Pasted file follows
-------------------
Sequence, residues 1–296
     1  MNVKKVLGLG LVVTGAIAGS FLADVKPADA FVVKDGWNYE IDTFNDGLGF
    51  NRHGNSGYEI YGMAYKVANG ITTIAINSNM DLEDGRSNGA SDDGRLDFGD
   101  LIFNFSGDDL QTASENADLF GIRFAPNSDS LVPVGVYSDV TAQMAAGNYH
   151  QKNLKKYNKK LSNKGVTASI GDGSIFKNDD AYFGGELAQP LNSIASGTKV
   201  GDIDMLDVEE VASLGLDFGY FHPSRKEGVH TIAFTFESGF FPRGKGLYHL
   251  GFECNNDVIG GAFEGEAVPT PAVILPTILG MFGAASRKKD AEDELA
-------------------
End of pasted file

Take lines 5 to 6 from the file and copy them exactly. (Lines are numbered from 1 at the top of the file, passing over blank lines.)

   151  QKNLKKYNKK LSNKGVTASI GDGSIFKNDD AYFGGELAQP LNSIASGTKV
   201  GDIDMLDVEE VASLGLDFGY FHPSRKEGVH TIAFTFESGF FPRGKGLYHL